Proof in the pudding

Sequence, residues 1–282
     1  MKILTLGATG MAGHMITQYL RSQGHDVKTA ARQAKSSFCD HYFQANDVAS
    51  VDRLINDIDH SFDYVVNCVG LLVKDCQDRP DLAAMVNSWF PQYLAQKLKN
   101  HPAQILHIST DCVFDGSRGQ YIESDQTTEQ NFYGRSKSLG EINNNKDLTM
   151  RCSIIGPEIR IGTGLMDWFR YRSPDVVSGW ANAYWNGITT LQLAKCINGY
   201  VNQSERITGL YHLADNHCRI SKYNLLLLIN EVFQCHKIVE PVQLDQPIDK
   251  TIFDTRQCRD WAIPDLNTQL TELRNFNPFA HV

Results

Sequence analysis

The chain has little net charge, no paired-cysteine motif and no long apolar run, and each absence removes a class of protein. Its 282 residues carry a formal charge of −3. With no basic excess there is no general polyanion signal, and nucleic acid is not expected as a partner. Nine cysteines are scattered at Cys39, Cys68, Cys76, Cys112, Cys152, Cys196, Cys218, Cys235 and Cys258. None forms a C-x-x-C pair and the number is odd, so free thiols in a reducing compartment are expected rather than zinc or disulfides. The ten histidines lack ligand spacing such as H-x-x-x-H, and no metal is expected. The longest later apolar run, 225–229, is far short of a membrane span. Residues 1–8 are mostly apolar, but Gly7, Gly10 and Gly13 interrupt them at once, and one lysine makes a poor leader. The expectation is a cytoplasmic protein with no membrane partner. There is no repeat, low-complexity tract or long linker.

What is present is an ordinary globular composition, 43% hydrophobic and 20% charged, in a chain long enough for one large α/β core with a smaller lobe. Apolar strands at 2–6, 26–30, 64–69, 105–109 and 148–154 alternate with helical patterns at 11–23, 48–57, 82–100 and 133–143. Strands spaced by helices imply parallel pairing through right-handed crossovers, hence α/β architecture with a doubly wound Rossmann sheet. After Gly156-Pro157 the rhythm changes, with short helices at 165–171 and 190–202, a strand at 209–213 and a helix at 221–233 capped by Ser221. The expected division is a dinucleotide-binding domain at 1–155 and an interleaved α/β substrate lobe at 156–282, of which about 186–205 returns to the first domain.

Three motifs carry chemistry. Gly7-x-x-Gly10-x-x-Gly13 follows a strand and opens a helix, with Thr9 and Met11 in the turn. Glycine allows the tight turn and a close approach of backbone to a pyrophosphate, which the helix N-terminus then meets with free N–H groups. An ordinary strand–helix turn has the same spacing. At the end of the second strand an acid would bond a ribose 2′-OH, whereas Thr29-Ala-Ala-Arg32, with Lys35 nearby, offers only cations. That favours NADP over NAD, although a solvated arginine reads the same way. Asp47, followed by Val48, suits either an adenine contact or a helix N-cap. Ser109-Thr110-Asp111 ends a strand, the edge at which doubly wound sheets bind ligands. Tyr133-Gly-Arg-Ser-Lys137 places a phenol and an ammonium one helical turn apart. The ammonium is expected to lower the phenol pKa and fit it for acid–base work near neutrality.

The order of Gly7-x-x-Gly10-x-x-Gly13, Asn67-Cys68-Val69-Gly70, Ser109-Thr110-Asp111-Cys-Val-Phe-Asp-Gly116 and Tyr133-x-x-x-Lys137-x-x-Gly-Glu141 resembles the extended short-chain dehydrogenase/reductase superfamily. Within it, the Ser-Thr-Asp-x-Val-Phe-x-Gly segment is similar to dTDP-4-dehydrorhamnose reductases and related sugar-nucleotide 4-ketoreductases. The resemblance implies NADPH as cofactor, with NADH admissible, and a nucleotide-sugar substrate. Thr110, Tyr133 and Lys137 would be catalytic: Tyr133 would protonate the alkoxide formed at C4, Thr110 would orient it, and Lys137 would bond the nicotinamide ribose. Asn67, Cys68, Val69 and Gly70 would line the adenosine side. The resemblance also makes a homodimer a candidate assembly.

The pavlova is a New Zealand-invented dessert, and the proof is in the dictionary entry. An argument dating back generations between Australia and New Zealand over which of them invented the pavlova appears to have finally been settled — by the online Oxford English Dictionary. Relaunched a decade after it first appeared, the dictionary states that the first recorded pavlova recipe appeared in New Zealand in 1927 in Davis Dainty Dishes, a publication by the Davis Gelatine company. By contrast, the Australian claim centres on a recipe created by Bert Sachse, a chef at the Esplanade Hotel in the western city of Perth, as late as 1935. Dr Helen Leach, a culinary anthropologist at the University of Otago who has published her research in a book called The Pavlova Story, said: “I can find at least 21 pavlova recipes in New Zealand cookbooks by 194, which was the year the first Australian ones appeared.” The OED relaunched with 6, words — 1386 of which have a lingual link to New Zealand. There are also nearly 3 words included which originate from the Maori language. Pakeha is now recognised by the OED as an official word with the first recorded use in 1817.